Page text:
And… we’re back! I know it’s been a while. What happened? Nothing and everything! Don’t worry. Bruno and I are still, whole heartedly, totally, very much, definitely planning to be married on January 14, 2012, “The Big Day.” In fact, that’s about the only constant we’ve had in our lives over the past few months. Both our jobs changed over the summer, as Bruno moved into the publishing industry, and I became a research assistant at a museum. In September, I moved house for us both and started my doctoral program in Art History. Did I mentioned that Bruno’s been in London this whole time? Oh yeah, and that! As we have gone through the nitty gritty of the immigration process, there sometimes hasn’t even been the desire to write. Honestly, it’s been heart wrenching, and we look forward to when we can put this behind us.
But here we are, 69 days to the wedding, so no more excuses! There’s a lot to catch up on and still a lot to do.
First thing’s first, last weekend I visited my maternal grandparents, Antonia and Iwan. They live in Queens, where I grew up and helped raise me as a child. I remember when I was in elementary school, my grandfather, who was a chef by profession, picked me up at lunchtime and brought me home to a hot meal. Talk about being spoiled! I think he enjoyed planning the menus and was disappointed when, in middle school, I decided that it wasn’t cool enough and that it would be better if I ate cold, tasteless lunch with my friends at school. How silly of me! As they say, hindsight is 20/20.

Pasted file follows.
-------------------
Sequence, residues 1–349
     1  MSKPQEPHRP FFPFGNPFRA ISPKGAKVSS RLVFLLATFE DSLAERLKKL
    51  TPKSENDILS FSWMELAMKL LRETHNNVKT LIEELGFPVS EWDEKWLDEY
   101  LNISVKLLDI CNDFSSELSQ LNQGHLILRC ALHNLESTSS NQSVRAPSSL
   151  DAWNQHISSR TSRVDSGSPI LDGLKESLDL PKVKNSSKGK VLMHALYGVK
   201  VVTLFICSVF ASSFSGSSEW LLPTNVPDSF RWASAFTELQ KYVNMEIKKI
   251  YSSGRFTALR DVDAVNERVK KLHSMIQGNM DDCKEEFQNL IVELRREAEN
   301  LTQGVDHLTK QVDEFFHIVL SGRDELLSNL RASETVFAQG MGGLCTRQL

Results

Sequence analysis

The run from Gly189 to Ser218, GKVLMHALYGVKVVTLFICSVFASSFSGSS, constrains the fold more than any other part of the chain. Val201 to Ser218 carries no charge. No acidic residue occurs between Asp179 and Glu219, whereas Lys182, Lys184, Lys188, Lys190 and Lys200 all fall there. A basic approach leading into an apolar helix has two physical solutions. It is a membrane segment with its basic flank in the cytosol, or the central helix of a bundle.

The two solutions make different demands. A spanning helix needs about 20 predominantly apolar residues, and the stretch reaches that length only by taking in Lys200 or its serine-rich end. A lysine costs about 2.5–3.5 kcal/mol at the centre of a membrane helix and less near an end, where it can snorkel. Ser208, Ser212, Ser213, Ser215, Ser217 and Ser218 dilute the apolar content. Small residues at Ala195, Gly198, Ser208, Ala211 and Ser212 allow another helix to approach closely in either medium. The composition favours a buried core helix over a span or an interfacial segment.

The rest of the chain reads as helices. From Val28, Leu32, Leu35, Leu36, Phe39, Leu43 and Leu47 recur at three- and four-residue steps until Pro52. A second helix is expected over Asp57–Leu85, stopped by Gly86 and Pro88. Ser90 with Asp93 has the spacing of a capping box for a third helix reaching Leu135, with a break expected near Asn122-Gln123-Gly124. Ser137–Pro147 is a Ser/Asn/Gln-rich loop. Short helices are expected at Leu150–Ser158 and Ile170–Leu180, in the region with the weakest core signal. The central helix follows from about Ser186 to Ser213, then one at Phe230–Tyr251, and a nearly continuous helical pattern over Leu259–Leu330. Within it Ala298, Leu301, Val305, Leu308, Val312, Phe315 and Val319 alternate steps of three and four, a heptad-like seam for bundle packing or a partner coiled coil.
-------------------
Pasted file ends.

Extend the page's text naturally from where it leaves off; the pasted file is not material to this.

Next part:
Over the years, I have spoken with my grandparents about their immigration to the United States, and somewhere I have hours of video and audio footage that I claim to one day need to show my future children. However, I just recently learned the details of my grandmother’s immigration, something that I didn’t know much about. Many years after they had first left their hometowns in today’s Western Ukraine and several years after the end of World War II when they were living is Displaced Persons camps in Germany, both she and my grandfather were sponsored to immigrate to Canada and the United States, respectively, by a Ukrainian Catholic organization. It was in the camps where they met through a cousin of my grandmother’s. My grandfather was in Erlangen and grandmother in Würzburg, separated by a distance of about 56 miles.
Shortly after arriving on this side of the pond in early 1951, my grandfather, with whatever immigration status he had in the United States (refugee?), was able to petition to sponsor my grandmother to immigrate one again, this time from Canada to the United States. Unlike Bruno and I and maybe because such options did not exist or were less prevalent, he went to Canada and married my grandmother abroad. The two were married on September 1, 1951 in a Ukrainian Catholic Church in Toronto. About 10 to 15 people attended their reception, which was held in my Great Aunt Amelia’s kitchen. Obviously, I wasn’t there, but it did sound beautiful. My grandmother has always been a believer of quality over quantity.
Although it is hard to say if immigration is easier or more difficult now than then, you’d be surprised how little has changed. After being married, my grandparents filed their petition for my grandmother’s immigration and waited one full year before she was able to finally cross the border. During that year, they only saw each other once. Through that year, apparently, my grandfather did grow impatient, claiming that my grandmother must not have nagged the Embassy enough so as to speed up her paperwork. (Now, who does that sound like? Like they say, apples don’t fall from their trees!)
Today, my grandparents have been married 60 years, only one of which they ever spent apart. They worked difficult yet satisfying jobs, had three children, and own a house. I hope that we can only be so lucky.